APRA released an information paper analyzing the self-assessments performed by 36 of the country’s largest banks, insurers, and superannuation licensees in response to the final report on the Prudential Inquiry into the Commonwealth Bank of Australia (CBA). The Prudential Inquiry report on CBA was published in May 2018. The paper discusses the outcomes of the self-assessment process, key findings and common themes, and the solutions being implemented by institutions. The paper also outlines the next phase of APRA workstreams to strengthen prudential expectations and intensify supervision of governance, accountability, and culture.
The Prudential Inquiry was launched following a series of significant operational and governance shortcomings that damaged the reputation of CBA. The report found that continued financial success of CBA had dulled the institution’s senses, especially with regard to the management of non-financial risks. APRA wrote to the institutions’ boards last June asking them to gauge whether the weaknesses uncovered by the CBA Prudential Inquiry also existed in their own companies. In addition, APRA wrote to the boards of 36 authorized deposit-taking institutions, insurers, and superannuation licensees asking them to conduct a self-assessment against the findings and provide that assessment to APRA. APRA has since examined these self-assessments to assess their quality, identify common themes, and, where necessary, challenge institutions’ findings. Overall, it is clear that the weaknesses identified in the final report of the Prudential Inquiry are not unique to CBA. A number of common themes have emerged from the self-assessments, including:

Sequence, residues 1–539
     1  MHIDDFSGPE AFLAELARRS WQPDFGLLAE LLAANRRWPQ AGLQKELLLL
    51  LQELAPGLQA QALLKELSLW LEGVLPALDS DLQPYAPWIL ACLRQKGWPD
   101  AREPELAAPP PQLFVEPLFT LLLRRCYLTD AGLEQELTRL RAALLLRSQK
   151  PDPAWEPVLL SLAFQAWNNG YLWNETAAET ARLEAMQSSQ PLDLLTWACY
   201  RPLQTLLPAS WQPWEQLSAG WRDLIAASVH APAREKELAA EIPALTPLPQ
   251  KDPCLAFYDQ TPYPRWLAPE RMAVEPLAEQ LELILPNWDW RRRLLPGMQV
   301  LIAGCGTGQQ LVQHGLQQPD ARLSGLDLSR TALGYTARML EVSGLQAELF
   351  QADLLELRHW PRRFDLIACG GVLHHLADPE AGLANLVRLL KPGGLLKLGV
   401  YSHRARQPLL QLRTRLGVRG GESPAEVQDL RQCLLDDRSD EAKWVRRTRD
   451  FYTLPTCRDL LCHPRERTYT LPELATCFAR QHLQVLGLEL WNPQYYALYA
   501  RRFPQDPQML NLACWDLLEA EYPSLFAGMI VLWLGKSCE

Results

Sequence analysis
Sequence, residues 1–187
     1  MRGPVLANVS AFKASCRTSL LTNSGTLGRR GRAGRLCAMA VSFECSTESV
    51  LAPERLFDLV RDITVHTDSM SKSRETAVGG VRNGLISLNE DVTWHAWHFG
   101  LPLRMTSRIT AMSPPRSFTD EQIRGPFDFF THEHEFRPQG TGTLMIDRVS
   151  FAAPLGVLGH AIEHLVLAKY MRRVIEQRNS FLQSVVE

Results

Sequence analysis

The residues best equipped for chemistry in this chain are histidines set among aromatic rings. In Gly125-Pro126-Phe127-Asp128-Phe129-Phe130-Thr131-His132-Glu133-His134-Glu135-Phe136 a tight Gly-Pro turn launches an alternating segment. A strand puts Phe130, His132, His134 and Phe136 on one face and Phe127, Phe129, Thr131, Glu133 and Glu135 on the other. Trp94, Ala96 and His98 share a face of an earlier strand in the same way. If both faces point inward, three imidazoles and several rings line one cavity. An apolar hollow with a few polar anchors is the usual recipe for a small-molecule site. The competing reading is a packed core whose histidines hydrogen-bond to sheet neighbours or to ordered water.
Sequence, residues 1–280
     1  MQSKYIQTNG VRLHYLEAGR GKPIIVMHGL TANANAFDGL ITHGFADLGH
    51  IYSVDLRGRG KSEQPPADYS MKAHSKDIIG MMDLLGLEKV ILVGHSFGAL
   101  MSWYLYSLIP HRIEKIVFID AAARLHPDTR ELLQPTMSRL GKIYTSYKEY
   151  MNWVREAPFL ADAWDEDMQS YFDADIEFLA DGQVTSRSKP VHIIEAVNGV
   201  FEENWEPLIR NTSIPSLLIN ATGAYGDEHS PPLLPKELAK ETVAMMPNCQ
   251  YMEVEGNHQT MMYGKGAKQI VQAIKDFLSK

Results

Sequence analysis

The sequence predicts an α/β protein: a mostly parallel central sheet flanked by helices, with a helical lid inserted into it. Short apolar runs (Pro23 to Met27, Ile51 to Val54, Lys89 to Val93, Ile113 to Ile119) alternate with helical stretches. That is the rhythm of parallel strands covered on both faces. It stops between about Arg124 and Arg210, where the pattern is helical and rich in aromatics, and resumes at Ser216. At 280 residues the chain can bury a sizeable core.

- Non-financial risk management requires improvement
- Accountabilities are not always clear, cascaded, and effectively enforced
- Acknowledged weaknesses are well-known and some have been long-standing
- Risk culture is not well-understood and, therefore, may not be reinforcing the desired behaviors
The paper highlights that significant uplift is required across industries to bring governance and the management of non-financial risks to an appropriate standard. This includes embedding robust frameworks that incentivize delivery of sound outcomes, proactive management of issues, and consistent application of rewards and consequences. Over the next 12 months, APRA will strengthen prudential expectations and increase supervisory intensity for governance, accountability, and culture for all regulated institutions.
APRA is meeting with participating institutions and, as a next step, will be writing to the boards of each of the 36 institutions to provide feedback on their self-assessments and outline the intended targeted supervisory engagement by APRA. The nature of this engagement will depend on the quality and findings of the self-assessment and the risk profile of the institution. For some institutions, the issues identified in the self-assessment are material and the changes required to address them are significant. APRA is, therefore, considering applying an additional operational risk capital requirement to reflect the higher risk profile of these institutions. Many institutions that conducted a self-assessment have developed plans to address the findings. APRA expects all regulated institutions to identify and address points of weakness and continues to encourage institutions that have not yet completed a thorough self-assessment to do so. Institutions should consider the observations in this information paper when designing and implementing steps to enhance risk governance.
Keywords: Asia Pacific, Australia, Banking, Insurance, Superannuation, Governance, Self-Assessment, Prudential Inquiry, Accountability, Operational Risk, APRA
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